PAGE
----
Everyone is well aware of the tax advantages of investments made into a 401k or traditional IRA, and that its with pretax dollars. This is great and its a big reason why a lot of people put money into these types of investments.
So what if any tax benefits are there to investing in real estate? Well it depends, and there are a lot of factors. Because I am not a CPA or tax attorney, I am just going to give some general information in this post and you should not construe this as advice.
The interest, property taxes, insurance, repairs and many other things are tax deductions that reduce your taxable income as it relates to that property. Those the commonly known deductions.
The one that not everyone is familiar with is called “depreciation” which I refer to as the phantom deduction. I call it the phantom deduction because it just sort of appears out of no where. Unlike the other common deduction types, you don’t actually make an outlay of cash to recognize this deduction. The IRS recognizes that all real property needs to be improved consistently to keep it up. So they allow you to use a prescribed schedule to write off the value of certain assets types over various time periods.
I could go into all of the various types of properties and their respective schedules, but the point is that you can further offset your income. In some cases, depending on how you buy your properties the depreciation deduction could actually push your otherwise profitable property (from a cashflow perspective) into a paper loss on your taxes.
There are limitations on how much money you make and how these paper losses can be taken. Those who make over $100k have their ability to deduct these types of losses phased out until they reach $150k.
The one exception to the passive loss rules is called the “real estate professional designation” and it allows people who work full time in real estate (more than 750 hours, select job types) to be able to claim unlimited passive losses against earned income.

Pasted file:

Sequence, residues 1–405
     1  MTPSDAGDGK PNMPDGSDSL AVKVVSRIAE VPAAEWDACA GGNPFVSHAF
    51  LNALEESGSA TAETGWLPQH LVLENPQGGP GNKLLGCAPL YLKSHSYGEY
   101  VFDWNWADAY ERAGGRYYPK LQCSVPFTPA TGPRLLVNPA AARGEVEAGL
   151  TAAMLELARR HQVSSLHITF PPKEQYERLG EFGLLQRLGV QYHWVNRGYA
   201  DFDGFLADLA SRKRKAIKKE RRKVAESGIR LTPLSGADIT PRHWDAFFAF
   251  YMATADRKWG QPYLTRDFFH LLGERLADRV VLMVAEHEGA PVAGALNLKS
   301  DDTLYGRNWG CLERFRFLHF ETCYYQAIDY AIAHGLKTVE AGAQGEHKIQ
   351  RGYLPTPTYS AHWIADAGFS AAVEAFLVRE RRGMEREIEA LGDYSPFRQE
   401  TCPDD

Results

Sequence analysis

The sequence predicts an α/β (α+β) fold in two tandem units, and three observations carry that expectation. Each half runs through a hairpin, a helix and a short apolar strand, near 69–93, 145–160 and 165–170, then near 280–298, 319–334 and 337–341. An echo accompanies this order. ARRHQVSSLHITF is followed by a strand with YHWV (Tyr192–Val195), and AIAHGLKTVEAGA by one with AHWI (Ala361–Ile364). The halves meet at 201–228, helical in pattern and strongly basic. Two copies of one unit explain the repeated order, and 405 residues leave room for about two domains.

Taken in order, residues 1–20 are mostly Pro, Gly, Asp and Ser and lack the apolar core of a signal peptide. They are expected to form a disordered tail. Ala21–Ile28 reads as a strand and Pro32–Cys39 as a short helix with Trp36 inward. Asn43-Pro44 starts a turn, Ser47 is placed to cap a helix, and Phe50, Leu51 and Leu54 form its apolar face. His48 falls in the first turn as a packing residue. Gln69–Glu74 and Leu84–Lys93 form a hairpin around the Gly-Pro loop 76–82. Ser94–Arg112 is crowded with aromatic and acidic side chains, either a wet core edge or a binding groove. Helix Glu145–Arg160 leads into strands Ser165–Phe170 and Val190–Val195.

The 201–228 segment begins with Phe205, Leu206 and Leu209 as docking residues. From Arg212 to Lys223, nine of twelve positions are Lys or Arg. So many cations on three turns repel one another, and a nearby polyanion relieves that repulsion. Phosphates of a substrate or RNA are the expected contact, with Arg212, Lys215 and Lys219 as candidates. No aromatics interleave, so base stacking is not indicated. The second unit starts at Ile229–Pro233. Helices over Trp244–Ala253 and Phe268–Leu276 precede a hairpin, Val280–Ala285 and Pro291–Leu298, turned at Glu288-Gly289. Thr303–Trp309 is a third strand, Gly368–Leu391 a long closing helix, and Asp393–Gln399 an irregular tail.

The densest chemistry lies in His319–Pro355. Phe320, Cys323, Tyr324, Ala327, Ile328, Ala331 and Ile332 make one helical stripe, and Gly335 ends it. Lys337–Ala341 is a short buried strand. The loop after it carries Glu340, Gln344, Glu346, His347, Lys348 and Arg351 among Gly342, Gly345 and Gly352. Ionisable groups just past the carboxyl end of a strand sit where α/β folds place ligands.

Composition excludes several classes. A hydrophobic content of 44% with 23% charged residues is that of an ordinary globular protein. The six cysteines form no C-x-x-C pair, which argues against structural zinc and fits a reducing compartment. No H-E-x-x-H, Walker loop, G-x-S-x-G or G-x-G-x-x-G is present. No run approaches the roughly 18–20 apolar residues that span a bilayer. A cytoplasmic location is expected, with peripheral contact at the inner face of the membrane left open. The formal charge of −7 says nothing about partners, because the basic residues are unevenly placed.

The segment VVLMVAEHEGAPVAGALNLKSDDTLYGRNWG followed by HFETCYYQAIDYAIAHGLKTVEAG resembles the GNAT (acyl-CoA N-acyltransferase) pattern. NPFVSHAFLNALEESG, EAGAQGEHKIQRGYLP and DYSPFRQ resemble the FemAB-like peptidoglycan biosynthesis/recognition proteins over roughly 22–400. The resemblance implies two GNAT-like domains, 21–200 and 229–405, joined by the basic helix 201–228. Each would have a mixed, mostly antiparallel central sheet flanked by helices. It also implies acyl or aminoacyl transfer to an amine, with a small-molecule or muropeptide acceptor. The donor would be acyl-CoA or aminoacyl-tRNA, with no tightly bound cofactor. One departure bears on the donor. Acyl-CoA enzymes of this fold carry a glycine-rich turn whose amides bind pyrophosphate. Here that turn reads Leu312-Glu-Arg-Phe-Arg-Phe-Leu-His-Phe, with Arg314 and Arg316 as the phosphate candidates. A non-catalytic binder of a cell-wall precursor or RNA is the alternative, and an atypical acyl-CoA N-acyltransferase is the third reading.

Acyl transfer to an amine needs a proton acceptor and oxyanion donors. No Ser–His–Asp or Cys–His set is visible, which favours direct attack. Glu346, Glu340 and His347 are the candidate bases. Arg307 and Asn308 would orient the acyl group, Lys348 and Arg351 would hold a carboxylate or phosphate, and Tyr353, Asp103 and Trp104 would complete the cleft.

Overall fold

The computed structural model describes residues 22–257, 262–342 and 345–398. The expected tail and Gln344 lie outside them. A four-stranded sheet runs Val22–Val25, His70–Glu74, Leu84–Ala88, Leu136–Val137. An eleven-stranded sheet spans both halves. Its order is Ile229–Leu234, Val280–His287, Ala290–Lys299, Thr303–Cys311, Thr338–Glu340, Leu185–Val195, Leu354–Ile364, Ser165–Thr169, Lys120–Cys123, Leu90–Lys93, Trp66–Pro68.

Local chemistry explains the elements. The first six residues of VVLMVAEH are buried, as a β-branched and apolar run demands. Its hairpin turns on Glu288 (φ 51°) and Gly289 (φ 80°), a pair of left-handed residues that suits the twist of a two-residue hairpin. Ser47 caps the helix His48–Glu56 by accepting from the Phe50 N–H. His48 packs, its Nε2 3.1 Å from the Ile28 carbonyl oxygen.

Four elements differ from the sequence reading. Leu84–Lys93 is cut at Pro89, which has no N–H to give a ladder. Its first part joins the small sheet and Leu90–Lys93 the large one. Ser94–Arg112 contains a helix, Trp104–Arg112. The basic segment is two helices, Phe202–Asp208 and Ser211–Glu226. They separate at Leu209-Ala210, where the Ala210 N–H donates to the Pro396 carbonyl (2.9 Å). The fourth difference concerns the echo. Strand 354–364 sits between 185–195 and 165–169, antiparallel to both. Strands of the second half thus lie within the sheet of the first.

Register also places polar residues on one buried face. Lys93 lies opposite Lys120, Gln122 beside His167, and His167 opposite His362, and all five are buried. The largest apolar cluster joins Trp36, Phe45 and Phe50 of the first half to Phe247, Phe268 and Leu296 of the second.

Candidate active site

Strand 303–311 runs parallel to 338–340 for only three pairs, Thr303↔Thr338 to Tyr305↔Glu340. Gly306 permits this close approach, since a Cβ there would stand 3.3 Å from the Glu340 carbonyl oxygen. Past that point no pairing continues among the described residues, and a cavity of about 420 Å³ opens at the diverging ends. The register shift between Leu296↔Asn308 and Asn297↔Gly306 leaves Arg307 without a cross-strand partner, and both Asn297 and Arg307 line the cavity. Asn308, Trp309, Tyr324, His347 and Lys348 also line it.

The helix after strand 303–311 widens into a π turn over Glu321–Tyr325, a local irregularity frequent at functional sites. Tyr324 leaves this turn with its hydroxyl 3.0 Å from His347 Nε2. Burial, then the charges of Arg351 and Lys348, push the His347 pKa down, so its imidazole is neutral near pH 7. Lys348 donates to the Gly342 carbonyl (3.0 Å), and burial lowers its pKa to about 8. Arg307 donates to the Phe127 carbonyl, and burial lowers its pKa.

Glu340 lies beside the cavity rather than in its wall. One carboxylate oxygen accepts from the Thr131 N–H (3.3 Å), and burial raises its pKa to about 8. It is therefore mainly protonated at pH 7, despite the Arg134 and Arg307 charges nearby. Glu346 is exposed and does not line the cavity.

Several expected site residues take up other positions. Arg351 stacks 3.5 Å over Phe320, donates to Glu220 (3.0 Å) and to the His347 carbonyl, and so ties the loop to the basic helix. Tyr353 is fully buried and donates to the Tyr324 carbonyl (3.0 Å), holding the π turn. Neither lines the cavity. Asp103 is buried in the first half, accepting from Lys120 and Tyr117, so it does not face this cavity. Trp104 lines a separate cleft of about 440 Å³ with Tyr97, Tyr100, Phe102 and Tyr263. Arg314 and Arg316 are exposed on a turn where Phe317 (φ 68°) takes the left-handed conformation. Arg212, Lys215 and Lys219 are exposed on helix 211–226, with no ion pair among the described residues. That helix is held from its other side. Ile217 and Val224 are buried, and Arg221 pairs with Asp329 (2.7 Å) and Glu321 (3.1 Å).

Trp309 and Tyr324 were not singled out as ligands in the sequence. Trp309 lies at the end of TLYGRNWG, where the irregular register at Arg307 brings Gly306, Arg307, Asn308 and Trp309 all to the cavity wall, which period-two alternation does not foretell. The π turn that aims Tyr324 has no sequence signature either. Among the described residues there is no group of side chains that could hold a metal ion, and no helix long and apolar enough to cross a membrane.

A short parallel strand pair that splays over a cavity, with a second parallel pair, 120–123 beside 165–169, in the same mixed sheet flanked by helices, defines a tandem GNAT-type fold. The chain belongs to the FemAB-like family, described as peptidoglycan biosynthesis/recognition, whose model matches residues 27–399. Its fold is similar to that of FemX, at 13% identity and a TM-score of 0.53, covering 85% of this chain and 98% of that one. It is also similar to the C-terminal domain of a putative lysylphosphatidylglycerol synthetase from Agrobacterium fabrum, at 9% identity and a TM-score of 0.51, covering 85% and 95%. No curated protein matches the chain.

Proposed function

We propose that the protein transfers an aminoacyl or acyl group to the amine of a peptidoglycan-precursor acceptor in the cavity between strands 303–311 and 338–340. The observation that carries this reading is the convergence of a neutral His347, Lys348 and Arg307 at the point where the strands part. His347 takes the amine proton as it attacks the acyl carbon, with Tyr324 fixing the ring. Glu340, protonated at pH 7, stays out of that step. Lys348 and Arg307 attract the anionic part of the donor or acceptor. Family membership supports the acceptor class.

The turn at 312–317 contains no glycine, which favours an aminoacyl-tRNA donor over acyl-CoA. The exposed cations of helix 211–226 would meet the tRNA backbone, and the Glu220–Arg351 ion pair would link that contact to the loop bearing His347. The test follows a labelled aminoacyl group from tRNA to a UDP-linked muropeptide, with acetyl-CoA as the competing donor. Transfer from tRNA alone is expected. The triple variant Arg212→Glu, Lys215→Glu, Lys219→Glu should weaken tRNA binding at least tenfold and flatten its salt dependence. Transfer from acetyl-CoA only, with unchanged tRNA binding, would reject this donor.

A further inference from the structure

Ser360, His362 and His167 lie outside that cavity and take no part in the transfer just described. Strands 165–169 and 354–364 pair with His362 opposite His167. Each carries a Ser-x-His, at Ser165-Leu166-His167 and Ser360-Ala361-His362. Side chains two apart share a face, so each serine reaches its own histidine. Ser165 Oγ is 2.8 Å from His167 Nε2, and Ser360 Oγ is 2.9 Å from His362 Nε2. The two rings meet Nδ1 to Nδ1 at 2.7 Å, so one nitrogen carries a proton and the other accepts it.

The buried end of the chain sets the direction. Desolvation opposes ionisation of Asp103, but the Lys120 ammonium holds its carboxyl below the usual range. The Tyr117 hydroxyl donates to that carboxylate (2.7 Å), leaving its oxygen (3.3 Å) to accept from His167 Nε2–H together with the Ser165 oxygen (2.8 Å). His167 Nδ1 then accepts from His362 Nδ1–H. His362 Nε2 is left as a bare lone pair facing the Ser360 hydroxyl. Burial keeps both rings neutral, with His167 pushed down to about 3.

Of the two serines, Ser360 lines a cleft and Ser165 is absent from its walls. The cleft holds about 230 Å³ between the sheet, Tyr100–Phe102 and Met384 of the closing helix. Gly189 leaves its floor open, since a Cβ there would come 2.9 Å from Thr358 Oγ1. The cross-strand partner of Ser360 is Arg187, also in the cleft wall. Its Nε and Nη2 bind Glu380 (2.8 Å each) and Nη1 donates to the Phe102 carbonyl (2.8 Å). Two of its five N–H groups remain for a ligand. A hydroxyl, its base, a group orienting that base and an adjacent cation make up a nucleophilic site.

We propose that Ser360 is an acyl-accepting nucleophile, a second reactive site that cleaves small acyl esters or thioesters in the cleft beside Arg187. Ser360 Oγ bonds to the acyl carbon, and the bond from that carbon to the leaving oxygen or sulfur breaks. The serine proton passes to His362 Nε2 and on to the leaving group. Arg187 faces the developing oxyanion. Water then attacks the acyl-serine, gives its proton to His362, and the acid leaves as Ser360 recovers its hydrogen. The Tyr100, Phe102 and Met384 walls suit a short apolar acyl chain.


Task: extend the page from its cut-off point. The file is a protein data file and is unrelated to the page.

One thing that I have always recommended to married couples in which one of the two is a high wage earner on a W2 is that the other partner work in real estate and invest. Essentially the partner who works in real estate would acquire and manage a real estate portfolio for a living, and the depreciation and other deductions could produce a large negative number. That large negative number gets combined with your partner’s high tax bracket, and would result in a huge tax savings.
One of the best tax benefits to real estate and the final one we will discuss on this quick overview is the tax deferred exchange. Often referred to as a 1031 Exchange after the section of tax code. In essence you can sell a property that was held for longer than a year, and defer what you would owe in taxes on this sale until you sell the next property. The IRS will allow you to roll the proceeds of this sale into the next, tax free if certain conditions are met. By deferring the taxes you keep the full amount of money you’ve made until you decide to cash out.
This is just a high level overview of several very complicated topics. I recommend that you read books on real estate taxation to learn more. Contact me for recommendations which I will make based on your current knowledge level.